The sounds around you

Sridala Swami
Sridala SwamiDec 05, 2014 | 18:38

The sounds around you

My neighbourhood used to be a quiet one, until a decade or so ago. When the first trucks carrying sand and steel came rolling by, we thought they were an aberration but they were to soon become the norm. Even as I write this, an earth mover and a cement mixer do their work in different parts of the neighbourhood. It's hard to find a moment in the day or night that does not hum with the sound of machinery. And yet, when I try to recall the presence of machines in poetry, I can think of only one or two poems off the top of my head.


It's been a 100 years since the First World War; a century since it became clear that war, like the mills or the shipyard, was also a site of industry. When Wilfred Owen wrote 'Anthem for Doomed Youth', his words spat out the sounds of the trenches - 'the stuttering rifles' rapid rattle' and 'the shrill, demented choirs of wailing shells'.

Cinema has probably responded better than poetry to the world of machines, but the technological world had its speakers, even if they didn't always champion or celebrate the brave new world but instead had - like Fritz Lang's Metropolis and Charlie Chaplin's Modern Times - an altogether more bleak response.

In 'The Secret of the Machines', Rudyard Kipling sees the machine-led world as being full of possibility, one that can be re-shaped to suit the will of humans:

  • Do you wish to make the mountains bare their head
  • And lay their new-cut forests at your feet?
  • Do you want to turn a river in its bed,
  • Or plant a barren wilderness with wheat?
  • Shall we pipe aloft and bring you water down
  • From the never-failing cisterns of the snows,
  • To work the mills and tramways in your town,
  • And irrigate your orchards as it flows?
  • It is easy! Give us dynamite and drills!
  • Watch the iron-shouldered rocks lie down and quake
  • As the thirsty desert-level floods and fills,
  • And the valley we have dammed becomes a lake.

It's hard not to read the imperial ambitions of a nation in Kipling's poem; he is celebratory in the same way that a patriotic Subramania Bharati celebrates the nation and industry in 'Bharata Desam'. In their poetry, machines exist to serve humans, who seem to remain unaffected by the way their creations have changed the world around them. It's hard to swallow that blithe optimism from this century with its ecological poverty and human suffering.

Later in that century, George Oppen wrote 'Image of the Engine'. It is a long, complex poem on the nature of machinery and mortality:

  • Endlessly, endlessly,
  • The definition of mortality
  • The image of the engine
  • That stops.
  • We cannot live on that.
  • I know that no one would live out
  • Thirty years, fifty years if the world were ending
  • With his life.

It is rare to find utopias imagined in poetry, especially if it a mechanistic one. That territory belongs to science fiction, and many writers have wrung both poetry and beauty out of their imagined, futuristic worlds. But Richard Brautigan makes a playful attempt at imagining a perfect harmony between lifeforms and machines in 'All Watched Over by Machines of Loving Grace':

  • I like to think
  • (right now, please!)
  • of a cybernetic forest
  • filled with pines and electronics
  • where deer stroll peacefully
  • past computers
  • as if they were flowers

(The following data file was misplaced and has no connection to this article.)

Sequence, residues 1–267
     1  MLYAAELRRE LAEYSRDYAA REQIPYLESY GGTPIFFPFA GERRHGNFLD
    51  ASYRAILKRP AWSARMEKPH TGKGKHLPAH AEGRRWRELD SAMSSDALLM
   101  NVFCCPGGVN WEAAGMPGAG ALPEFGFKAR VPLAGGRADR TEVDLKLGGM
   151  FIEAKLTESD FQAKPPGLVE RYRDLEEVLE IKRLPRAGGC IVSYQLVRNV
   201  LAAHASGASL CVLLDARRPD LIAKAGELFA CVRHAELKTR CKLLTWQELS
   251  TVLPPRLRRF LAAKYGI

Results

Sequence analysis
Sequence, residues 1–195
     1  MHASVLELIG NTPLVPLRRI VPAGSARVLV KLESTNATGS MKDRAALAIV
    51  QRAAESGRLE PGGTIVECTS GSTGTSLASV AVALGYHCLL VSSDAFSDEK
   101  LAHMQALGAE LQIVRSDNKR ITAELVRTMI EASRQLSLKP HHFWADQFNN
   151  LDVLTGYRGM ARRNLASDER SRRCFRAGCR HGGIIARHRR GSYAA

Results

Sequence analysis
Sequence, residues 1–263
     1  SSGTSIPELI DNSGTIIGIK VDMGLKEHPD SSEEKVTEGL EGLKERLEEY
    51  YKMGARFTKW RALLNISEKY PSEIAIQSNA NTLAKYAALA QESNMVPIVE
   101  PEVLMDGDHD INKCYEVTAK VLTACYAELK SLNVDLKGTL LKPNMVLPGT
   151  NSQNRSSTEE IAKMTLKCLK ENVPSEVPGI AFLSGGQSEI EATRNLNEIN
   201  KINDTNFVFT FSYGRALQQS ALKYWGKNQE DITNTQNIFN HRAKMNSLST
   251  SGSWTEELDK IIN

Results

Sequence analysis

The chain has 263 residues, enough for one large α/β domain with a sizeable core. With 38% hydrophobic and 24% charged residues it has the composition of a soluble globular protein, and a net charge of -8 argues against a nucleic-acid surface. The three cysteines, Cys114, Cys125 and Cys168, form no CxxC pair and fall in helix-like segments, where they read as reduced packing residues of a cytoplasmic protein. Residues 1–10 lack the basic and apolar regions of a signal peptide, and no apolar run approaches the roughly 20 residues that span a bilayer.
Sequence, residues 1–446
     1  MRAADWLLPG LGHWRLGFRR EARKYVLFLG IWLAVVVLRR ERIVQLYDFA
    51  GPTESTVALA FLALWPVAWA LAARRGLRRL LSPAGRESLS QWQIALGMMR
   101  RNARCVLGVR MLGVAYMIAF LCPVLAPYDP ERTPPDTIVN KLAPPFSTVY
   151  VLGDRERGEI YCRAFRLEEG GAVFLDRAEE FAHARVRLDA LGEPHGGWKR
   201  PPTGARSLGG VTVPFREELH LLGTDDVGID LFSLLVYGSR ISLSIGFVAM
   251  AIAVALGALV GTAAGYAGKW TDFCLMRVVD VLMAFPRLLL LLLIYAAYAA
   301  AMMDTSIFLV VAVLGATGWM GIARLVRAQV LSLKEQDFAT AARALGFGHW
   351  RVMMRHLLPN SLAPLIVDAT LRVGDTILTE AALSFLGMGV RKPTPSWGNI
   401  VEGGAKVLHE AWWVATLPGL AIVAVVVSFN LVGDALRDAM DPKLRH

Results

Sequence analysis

• with spinning blossoms.

My favourite poem, though, is the first one I thought of when I began this column: W.H. Auden's 'Night Mail', which is not just an ode to the Royal Mail, not merely a celebration of communication but also a wonderful marriage of sound and rhythm with theme and thought. In John Grierson's famous documentary of the same name, Auden himself reads the poem.

  • Past cotton-grass and moorland boulder
  • Shovelling white steam over her shoulder,
  • Snorting noisily as she passes
  • Silent miles of wind-bent grasses.
  • Birds turn their heads as she approaches,
  • Stare from bushes at her blank-faced coaches


For this month's prompt, I'd like you to think of what the world around you, in the first quarter of the 21st century, sounds like.

Make a catalogue of sounds and see how many of them are 'human-made' and how many belong to the 'natural' world. I am fairly certain that the whip of fan blades, the deep cough of the refrigerator starting to life, the clicks of a cooling car engine and the ubiquitous beeps and trills of cellphones and laptops will outnumber birdsong and the soft rustles of leaves in the breeze.

And yet, these are sounds we hardly ever hear in poetry.

Make your poem a sound poem. Pay attention to the sound of words, to alliteration and onomatopoeia, to rhythm and accent; but be careful to not make it only a collection of sounds or to make doggerel out of it. Think of what the sounds you hear are attached to, the presence of those machines as machines; think of how their absence would affect your life in the singular and the world in general. Think of machines merged with flesh. Think of machine life and human life.

When you write this poem, be certain that you have an idea. Then tether that idea to the sound. As always, write, put it away, then revise. Re-read the poems linked to in this column. Read them aloud. Read your poem aloud.

When you are happy with it - and you should be happy with it by the 20th! - send it to thesidewaysdoor@gmail.com. Poems submitted are to be under 20 lines and are to be submitted by December 20. Poems not written to prompt will not be considered.

I look forward, as always, with both anxiety and anticipation, to your entries!

Last updated: December 05, 2014 | 18:38
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